TV Review: Mad Men 5.3 – ‘Tea Leaves’

I was somewhat disappointed that Joan was not in this episode, but aside from that I haven’t any real complaints. Another triumph!

Chris Swanson

Contributor

Rating: ★★★★★

Cancer has got to be one of the nastiest, suckiest things in the world. It’s bad enough having it now. Can you imagine what it would have been like to have it back in 1966, before we had a lot of the treatments that we do these days? This thought entered my mind and stayed put through a lot of tonight’s episode, which centers, at least partly, on that very issue.

We begin with Betty (January Jones) and Henry (Christopher Stanley) at their very, very palatial house. I mean, seriously, this place is impressive. A bit too conservative in the furnishings for my taste, but still. Nice. House-wise, they really traded up.

Of course that wasn’t what I noticed at first. No, initially my attentions were taken by the fact that Betty has…well, let’s be polite here. She’s bulked up a tad. To be less polite, she’s gotten fat.

We barely have time to digest this before we go to Don (John Hamm) and Megan (Jessica Pare) as they get ready for a night out. Turns out that the night in question is a night meeting with representatives of Heinz, and the rep in question has a great idea: why not talk to the Rolling Stones while they’re in New York and have them record a jingle called, “Heinz Is On My Side.” Indeed. Don says he’ll try to get in touch. Back at the office, we see that Don has a new, black secretary named Dawn. This is a bit of fallout from last week’s episode, and it’s nice to see, as it were, a bit of color in the office.

At the Francis house we see that Betty is spending her days sitting on the sofa wearing a housedress and eating junk food. Thus we know why she’s not quite the thin thing she once was. Henry’s mother arrives while everyone else is out to have some polite words with Betty that basically end in her suggesting Betty might want to look into weight loss pills. This does not go over well, but in the end Betty decides to see a doctor.

Before that happens, we go back to the office where we have a meeting between Roger (John Slattery), Don and Peggy (Elizabeth Moss). It seems that Pete (Vincent Kartheiser) is only steps away from getting Mohawk Airlines to come back to SCDP. Everyone is pleased, though it looks like they’ll have to hire a full-time copywriter to do nothing but their account. Peggy offers to do it, but Roger, with his usual level of tact, suggests they might want “Someone with a penis.” Peggy’s reply of, “I’ll work on it,” was priceless.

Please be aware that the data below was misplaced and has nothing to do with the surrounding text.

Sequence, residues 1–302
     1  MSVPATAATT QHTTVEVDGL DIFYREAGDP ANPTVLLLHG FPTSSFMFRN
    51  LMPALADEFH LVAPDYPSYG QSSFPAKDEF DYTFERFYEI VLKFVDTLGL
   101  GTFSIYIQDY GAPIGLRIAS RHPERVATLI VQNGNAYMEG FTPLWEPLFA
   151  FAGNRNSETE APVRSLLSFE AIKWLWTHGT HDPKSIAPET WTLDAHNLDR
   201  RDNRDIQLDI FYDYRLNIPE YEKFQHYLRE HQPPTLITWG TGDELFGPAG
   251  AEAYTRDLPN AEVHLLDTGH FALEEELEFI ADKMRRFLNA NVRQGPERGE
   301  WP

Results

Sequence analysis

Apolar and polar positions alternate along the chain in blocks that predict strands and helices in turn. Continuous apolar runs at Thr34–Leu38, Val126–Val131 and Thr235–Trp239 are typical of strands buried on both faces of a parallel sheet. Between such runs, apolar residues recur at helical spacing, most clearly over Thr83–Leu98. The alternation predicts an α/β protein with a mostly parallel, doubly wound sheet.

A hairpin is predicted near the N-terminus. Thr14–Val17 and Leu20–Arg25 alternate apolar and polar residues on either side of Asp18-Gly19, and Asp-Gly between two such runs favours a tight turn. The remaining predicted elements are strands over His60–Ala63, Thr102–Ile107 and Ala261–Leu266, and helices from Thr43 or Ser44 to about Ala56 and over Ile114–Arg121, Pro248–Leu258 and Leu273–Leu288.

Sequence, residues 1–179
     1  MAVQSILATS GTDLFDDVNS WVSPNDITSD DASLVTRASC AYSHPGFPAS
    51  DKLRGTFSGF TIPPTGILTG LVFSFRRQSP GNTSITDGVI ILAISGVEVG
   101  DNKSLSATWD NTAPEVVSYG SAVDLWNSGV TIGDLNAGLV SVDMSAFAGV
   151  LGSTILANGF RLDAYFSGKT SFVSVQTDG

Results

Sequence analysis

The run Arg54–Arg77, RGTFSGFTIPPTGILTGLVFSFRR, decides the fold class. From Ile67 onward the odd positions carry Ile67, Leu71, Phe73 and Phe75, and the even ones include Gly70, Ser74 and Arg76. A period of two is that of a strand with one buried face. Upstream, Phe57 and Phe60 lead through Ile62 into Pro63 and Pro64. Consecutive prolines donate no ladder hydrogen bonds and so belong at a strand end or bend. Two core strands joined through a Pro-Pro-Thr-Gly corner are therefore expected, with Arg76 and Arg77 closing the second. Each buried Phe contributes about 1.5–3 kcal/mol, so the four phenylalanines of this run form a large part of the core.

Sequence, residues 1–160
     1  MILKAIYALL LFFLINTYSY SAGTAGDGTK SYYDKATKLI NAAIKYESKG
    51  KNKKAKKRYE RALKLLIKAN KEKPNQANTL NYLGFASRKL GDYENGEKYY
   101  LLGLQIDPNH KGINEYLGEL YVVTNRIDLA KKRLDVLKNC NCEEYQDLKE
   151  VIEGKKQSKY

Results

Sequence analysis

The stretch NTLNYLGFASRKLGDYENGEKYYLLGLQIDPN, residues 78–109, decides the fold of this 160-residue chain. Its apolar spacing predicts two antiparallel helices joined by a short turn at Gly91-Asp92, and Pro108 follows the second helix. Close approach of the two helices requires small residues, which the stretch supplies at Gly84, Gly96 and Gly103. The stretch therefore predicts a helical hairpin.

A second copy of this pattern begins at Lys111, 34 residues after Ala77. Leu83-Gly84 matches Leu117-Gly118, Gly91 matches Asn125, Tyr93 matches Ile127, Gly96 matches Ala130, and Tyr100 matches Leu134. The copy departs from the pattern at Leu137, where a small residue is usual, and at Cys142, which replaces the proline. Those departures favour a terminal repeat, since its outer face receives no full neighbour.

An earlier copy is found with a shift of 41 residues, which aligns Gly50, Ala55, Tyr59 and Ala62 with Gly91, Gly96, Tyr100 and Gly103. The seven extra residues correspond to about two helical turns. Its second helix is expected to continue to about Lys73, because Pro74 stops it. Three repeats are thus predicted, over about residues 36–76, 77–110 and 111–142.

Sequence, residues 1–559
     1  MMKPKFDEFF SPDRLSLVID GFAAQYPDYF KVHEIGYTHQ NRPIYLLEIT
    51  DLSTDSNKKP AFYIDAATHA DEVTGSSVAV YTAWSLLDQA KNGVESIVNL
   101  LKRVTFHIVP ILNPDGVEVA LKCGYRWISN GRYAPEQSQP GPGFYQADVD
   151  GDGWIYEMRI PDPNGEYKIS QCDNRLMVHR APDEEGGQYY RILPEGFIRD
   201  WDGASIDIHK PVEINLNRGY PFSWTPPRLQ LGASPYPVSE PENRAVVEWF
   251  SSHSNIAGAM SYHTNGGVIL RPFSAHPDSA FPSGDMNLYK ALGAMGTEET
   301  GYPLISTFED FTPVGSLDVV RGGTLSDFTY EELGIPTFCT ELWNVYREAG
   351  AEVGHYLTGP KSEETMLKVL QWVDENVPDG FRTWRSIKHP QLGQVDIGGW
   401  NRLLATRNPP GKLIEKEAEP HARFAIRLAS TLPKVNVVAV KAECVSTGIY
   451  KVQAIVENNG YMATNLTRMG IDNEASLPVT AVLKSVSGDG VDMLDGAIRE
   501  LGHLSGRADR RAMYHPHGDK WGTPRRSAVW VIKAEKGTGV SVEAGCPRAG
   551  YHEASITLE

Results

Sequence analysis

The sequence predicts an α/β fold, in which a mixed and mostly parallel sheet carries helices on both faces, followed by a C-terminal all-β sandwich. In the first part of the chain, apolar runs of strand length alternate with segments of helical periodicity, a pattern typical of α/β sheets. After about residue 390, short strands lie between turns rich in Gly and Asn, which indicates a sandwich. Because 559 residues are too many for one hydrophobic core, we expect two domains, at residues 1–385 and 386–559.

We catch up with Betty, now at the office of a doctor who casually refers to her as “middle aged”. He then annoys Betty by making it clear that he needs to examine her before he’ll do a prescription for diet pills. She’s unhappy, but that’s nothing compared with her reaction when he finds a small lump at the base of her neck; right about where the thyroid gland is located. Peggy does not take this well, understandably, and goes home in a panic. She can’t find Henry and can’t think of anyone else to contact, so she calls Don to tell him what’s going on, doing her best to remain calm while trying to figure out what to do next…

The subplots for this week focus mostly on Peggy interviewing a rather odd young Jewish man (Ben Feldman) for the new job while Don and Harry Crane (Rich Sommer) go to try and sign the Rolling Stones, an amusing diversion that ends with them accidentally signing some band named Tradewinds.

This was a sensational second episode (well, third), for the season. I loved everything about it, and was even able to feel some real sympathy for Betty, who has no one to talk to but her ex-husband. Betty has always struck me as an excellent character; not someone I’d ever want to spend any time with, but someone who is really interesting up on screen, unlikable though she was. The fact that January Jones did such a good job actually making me feel something for Betty is quite impressive.

I also really enjoyed a somewhat backhanded modern political reference to a governor by the name of Romney. Of course, as hinted above, I was really pleased that they brought up the subject of cancer, and I was especially pleased that they managed to show two characters talking about the subject without once mentioning the word “cancer” which felt very authentic to me. I was somewhat disappointed that Joan was not in this episode, but aside from that I haven’t any real complaints. Another triumph!